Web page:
Australia braces for 'catastrophic' conditions as bushfires rage

Firefighters have worked through the night battling the bushfire emergency

Firefighters have worked through the night battling the bushfire emergency

Prime Minister Scott Morrison and NSW Premier Gladys Berejiklian are briefed on the fires.

"They haven't eaten properly since Friday ... the snacks have all run out", she said. His warning came before the third victim was confirmed.

There were 64 fires burning as of early Monday, the New South Wales Rural Fire Service said in a tweet, with 40 yet to be contained.

A State of Fire Emergency has been declared in 42 Local Government Areas in Queensland, banning the lighting of all types of outdoor fires, and bans certain activities that can cause fires to ignite.

The RFS has urged people affected by the fires on the mid-north coast and northern NSW areas to register with the Red Cross.

"People are under a lot of pressure", Morrison told reporters.

'Too late to leave' Firefighters had described the conditions Friday as "difficult" and "dangerous".

"I would call on all our employers, particularly our volunteers whether they're in the Rural Fire Service, the emergency services or indeed our retained firefighters that rely on the generosity of their employers to give them time away from work".

Bushfires are common in Australia and a vast corps of firefighters had already been tackling sporadic blazes for months in the lead-up to the southern hemisphere summer. At least one house was lost, a firefighter suffered a broken leg and 6,000 residents were evacuated from three communities in the state's southeast, police said.

Firefighters hold back a fire threatening a house at Tinonee near Taree.

Last night there were fears of a fatality at Rainbow Flat, with homes being checked by emergency services.

Authorities in eastern Australia have warned of "catastrophic fire danger" in the coming days, as firefighters attempt to bring major bush fires under control.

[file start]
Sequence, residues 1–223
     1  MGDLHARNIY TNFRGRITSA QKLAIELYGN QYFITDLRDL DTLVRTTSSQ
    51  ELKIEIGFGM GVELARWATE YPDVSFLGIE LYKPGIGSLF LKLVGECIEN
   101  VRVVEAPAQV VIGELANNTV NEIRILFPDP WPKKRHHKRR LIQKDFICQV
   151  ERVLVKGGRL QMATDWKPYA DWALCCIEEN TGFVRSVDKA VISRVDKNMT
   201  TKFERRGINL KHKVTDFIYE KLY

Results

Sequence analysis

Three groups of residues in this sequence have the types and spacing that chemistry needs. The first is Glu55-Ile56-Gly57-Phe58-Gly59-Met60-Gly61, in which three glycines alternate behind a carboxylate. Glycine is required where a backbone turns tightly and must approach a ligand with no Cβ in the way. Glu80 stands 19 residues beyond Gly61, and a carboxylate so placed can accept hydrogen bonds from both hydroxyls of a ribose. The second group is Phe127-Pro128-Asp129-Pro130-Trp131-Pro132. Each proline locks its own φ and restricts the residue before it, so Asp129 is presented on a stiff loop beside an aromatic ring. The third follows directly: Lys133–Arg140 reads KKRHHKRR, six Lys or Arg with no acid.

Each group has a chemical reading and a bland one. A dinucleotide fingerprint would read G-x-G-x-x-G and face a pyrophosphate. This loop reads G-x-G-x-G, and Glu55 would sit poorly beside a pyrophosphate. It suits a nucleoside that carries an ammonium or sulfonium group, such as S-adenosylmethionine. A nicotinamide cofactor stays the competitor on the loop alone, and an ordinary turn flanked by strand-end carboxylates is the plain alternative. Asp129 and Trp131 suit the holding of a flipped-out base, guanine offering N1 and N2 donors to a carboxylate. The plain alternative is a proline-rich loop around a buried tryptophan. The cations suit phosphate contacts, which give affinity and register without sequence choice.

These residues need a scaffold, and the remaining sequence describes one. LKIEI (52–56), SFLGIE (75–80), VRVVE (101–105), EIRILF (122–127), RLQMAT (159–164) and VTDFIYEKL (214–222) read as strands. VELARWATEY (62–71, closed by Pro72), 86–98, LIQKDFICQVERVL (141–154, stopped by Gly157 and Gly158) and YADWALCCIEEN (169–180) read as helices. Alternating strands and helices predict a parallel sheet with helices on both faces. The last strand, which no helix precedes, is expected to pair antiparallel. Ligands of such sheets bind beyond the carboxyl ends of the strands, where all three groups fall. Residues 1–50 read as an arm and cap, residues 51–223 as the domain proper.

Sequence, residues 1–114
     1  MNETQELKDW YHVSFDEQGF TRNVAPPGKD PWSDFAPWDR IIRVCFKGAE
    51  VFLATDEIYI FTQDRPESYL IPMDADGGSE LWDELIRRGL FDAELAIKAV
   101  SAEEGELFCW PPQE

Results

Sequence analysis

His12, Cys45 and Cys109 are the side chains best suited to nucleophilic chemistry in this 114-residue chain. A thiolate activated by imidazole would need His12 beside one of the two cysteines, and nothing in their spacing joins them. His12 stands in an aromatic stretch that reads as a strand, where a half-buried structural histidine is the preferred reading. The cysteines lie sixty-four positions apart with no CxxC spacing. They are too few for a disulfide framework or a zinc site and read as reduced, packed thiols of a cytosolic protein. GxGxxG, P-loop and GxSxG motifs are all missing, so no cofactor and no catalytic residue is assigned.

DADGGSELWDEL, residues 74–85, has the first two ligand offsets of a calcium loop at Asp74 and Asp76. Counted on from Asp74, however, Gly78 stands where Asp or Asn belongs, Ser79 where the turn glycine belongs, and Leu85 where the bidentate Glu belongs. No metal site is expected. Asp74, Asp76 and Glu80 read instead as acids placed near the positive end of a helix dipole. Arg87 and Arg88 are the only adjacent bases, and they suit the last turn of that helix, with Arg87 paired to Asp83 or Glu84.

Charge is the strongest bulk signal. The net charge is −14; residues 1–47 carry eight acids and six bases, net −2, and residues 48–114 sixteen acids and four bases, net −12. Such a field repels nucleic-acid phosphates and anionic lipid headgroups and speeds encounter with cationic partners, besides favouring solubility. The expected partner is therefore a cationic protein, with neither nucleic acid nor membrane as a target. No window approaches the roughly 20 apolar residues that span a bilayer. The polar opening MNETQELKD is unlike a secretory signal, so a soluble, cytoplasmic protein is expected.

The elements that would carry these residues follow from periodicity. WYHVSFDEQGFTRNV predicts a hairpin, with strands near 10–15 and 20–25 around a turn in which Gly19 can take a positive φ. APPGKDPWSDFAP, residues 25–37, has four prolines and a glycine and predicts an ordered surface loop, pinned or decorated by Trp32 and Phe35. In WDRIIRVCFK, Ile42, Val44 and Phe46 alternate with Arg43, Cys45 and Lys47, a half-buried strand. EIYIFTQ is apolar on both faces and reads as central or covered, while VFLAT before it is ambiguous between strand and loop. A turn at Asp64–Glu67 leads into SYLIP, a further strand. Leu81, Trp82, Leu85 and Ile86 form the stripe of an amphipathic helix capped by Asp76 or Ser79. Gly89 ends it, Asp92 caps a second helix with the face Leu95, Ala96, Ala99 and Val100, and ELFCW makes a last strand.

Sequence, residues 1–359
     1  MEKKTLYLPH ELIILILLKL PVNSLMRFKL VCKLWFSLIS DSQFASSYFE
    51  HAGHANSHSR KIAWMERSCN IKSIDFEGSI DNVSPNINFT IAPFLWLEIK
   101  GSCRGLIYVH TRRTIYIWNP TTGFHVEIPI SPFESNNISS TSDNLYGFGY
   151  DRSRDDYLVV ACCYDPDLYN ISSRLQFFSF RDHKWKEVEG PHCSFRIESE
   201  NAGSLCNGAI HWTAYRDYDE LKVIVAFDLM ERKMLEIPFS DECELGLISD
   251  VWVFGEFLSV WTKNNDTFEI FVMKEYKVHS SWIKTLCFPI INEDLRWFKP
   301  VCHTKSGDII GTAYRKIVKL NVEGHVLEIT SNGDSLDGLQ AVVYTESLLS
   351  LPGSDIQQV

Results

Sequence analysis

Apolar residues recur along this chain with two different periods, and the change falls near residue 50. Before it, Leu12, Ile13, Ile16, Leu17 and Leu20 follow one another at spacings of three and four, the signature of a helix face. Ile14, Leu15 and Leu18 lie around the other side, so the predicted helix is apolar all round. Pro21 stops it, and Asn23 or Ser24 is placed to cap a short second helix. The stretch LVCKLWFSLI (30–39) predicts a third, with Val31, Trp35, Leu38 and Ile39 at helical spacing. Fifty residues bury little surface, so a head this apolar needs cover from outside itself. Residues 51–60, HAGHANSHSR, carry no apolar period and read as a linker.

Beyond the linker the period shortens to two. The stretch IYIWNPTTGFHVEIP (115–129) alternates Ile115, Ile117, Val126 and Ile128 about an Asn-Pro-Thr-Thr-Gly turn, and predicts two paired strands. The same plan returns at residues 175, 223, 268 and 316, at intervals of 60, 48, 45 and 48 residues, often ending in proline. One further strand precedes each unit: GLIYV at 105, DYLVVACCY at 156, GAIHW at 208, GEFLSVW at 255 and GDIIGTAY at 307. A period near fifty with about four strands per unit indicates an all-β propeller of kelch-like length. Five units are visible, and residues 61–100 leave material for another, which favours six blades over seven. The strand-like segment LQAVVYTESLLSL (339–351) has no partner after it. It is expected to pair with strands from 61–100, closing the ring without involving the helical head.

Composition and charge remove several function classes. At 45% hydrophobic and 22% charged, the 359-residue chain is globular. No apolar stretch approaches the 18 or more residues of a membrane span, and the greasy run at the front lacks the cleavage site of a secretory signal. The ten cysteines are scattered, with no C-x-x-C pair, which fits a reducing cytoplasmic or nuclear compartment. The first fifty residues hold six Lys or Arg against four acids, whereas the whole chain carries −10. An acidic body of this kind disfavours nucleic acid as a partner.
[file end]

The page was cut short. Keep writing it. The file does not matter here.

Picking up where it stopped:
The view down Crown St in Harrington, looking down towards Murray St, where there is a serious threat to property.

"Many of these fires won't be contained ahead of tomorrow's risky fire weather", the Rural Fire Service tweeted.

RFS Comissioner Shane Fitzsimmons says every resource and pair of boots on the ground will be needed to deal with Tuesday's catastrophic conditions.

Nineteen schools on the mid-north and north coast were forced to close yesterday, and motorists were stranded as the Pacific Highway was shut down in both directions between Taree and Bulahdelah and at Port Macquarie.

Meanwhile, high winds flung embers and burnt debris far ahead of the fires' front lines, depositing the unsafe detritus on the balconies and front yards of unsuspecting residents.

High temperatures, low humidity and strong winds forecast from the middle of the week are predicted to fuel blazes that authorities have warned they will be unable to contain ahead of time.

The bureau's State of the Climate 2018 report said climate change had led to an increase in extreme heat events and increased the severity of other natural disasters, such as drought.

On Wednesday, Morrison's climate-skeptic government announced a package of low-priced loans worth around 1 billion Australian dollars (US$690 million), created to help drought-stricken farmers struggling with the latest "big dry".

Winds are expected to pick up in the afternoon and no rain is forecast throughout the weekend.

The Queensland Fire and Emergency Services said: "Our crews have been working hand-in-hand with the community" to tackle the bushfires that were spreading in "tinderbox-like conditions".